Would it help if I made sure it was easy to undo or amend? I can keep the additional navigation portals in a separate category and maintain a list of all changes (and how to undo them). The templates are all in one category anyway, so they can easily be found and deleted if necessary. Maybe after a trial period this, and entire the Portal: space, can be review (30 days? Three months? Six?). It is a wiki after all, changes are easy to make. At the moment there are just over 100 portals, with potential imports of almost 200 portals from Category:Wikisource index pages and thirty from Category:Non-author author pages, plus anything not correctly categorised (ie. Author:NASA) and any new portals that may be created. It's going to get a little confused if nothing is done. - AdamBMorgan (talk) 23:45, 20 September 2010 (UTC)

Can we pick a topic area/branch and see how it works in that branch? At the moment we have nothing helpful or useful, and so far all I can see no better solution. As these Portals are intended to be more than a simple listing, which is how I see our categories, our intent is that they will be thoughtful constructs where research is undertaken. To that end, something like Wikisource:Obituaries may not be useful and may be something that is left to Category:Obituaries or maybe that could be something more that we could build constructs like Obituaries in 1924. I would feel comfortable with something being tried, rather than continuing to ignore it. — billinghurst sDrewth 00:55, 25 September 2010 (UTC)
I'd be more than OK with offering up Portal:Government of the United States for any such effort. It's just a shell of tabs and underlying frame-work with handful of Wikisources and related categories ported over in the short time it has existed. I don't believe anybody has become overly attached to what little has been added since either. I also believe experimenting with it could eventually go a long way in finally pruning such bloated non-authors as Portal:United States Congress, as well as a good share of similar entities currently residing in Category:Non-author author pages, from the Author: namespace proper. George Orwell III (talk) 02:55, 25 September 2010 (UTC)

Double pages in DjVu file page[edit]

See f.ex. Page:A short guide to Syria (1943).djvu/10 - any suggestions how to handle this? Looking through archives I only found this (not really for djvu files). feydey (talk) 17:27, 14 September 2010 (UTC)

Treat it as two columns would be the answer, but there is version with a single page layout: go to AShortGuideToSyria_412/ (note name is different to … "AShortGuideToSyria"), the first link "AShortGuideToSyria_412.djvu", and upload over the other version at Commons. cygnis insignis 20:05, 14 September 2010 (UTC)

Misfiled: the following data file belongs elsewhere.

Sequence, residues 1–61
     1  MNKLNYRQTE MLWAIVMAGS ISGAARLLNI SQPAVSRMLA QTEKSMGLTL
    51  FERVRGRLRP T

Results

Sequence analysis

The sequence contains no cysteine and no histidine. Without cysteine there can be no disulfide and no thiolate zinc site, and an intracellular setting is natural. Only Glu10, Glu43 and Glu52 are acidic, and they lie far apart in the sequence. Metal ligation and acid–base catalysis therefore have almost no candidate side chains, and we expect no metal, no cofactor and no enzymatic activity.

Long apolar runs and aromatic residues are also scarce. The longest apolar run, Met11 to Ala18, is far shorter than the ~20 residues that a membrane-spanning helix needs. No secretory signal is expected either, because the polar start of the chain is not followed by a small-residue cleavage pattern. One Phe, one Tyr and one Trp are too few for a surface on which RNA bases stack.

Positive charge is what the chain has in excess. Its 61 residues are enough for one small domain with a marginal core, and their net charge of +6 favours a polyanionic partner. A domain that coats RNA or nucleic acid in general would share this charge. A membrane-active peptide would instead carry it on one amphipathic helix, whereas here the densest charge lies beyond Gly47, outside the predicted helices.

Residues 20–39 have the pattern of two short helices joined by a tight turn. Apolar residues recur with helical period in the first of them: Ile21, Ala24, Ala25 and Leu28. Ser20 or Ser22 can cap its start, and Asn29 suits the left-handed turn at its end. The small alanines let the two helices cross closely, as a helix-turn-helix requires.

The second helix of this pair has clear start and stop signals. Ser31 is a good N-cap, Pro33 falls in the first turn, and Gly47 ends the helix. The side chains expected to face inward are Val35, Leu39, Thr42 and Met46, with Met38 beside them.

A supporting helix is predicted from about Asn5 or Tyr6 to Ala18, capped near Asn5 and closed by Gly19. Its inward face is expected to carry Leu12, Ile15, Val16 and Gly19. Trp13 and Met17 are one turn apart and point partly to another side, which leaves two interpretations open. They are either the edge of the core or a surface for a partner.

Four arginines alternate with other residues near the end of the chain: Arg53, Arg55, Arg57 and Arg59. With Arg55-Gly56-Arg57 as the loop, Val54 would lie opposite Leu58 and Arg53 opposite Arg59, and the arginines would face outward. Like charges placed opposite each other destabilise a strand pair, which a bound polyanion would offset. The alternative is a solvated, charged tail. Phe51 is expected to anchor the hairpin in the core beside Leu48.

As I see the link is to a lower res. version with double pages still... feydey (talk) 21:13, 14 September 2010 (UTC)
It displayed correctly in the online viewer, apologies for the false lead. Adopt the first suggestion: Put both pages in the textbox, I'll demonstrate what I mean. cygnis insignis 21:36, 14 September 2010 (UTC)
You are right, the layout is secondary here i.e. page numbering. feydey (talk) 06:56, 15 September 2010 (UTC)

Posting this again as the first time was deleted with no answer - How do you put together sections from an Index page?[edit]

Posted previously but it was removed with no answer.[3] and the question deleted with no explanation by User:Cygnis insignis who removed it. I humbly request that he refrain from such behavior in the future. Another editor (talk) 13:22, 16 September 2010 (UTC)

In the Index for a book, it seems like neither the djvu numbers nor the page numbers are relevant in determining the beginning and end of a particular section (for the purposed of putting together a section. How do you determine where a particular section begins and ends so as to make a section? I have been using trial and error scrolling through the whole Index and it is extremely frustrating and time consuming! Thanks, Another editor (talk) 15:50, 14 September 2010 (UTC)

The removal was here: Undo revision 2057079 by Another editor (talk) answered elsewhere. The answer was given here, User_talk:Billinghurst#How_do_you_put_sections_together.3F, and noted at User_talk:Cygnis_insignis#Question_that_I_can_get_no_answer_to. cygnis insignis 21:05, 14 September 2010 (UTC)
I am not satisfied with doing proofreading and nothing else. It is boring. If the more technical explanations cannot be explained to be, then I fear I am not long for Wikisource. It seems that this site is only for the technically oriented. Further, removing a questions here is really awful, as I waited and waited for an answer, until I realized that the question had been summarily removed. A bad experience. Another editor (talk) 21:50, 14 September 2010 (UTC)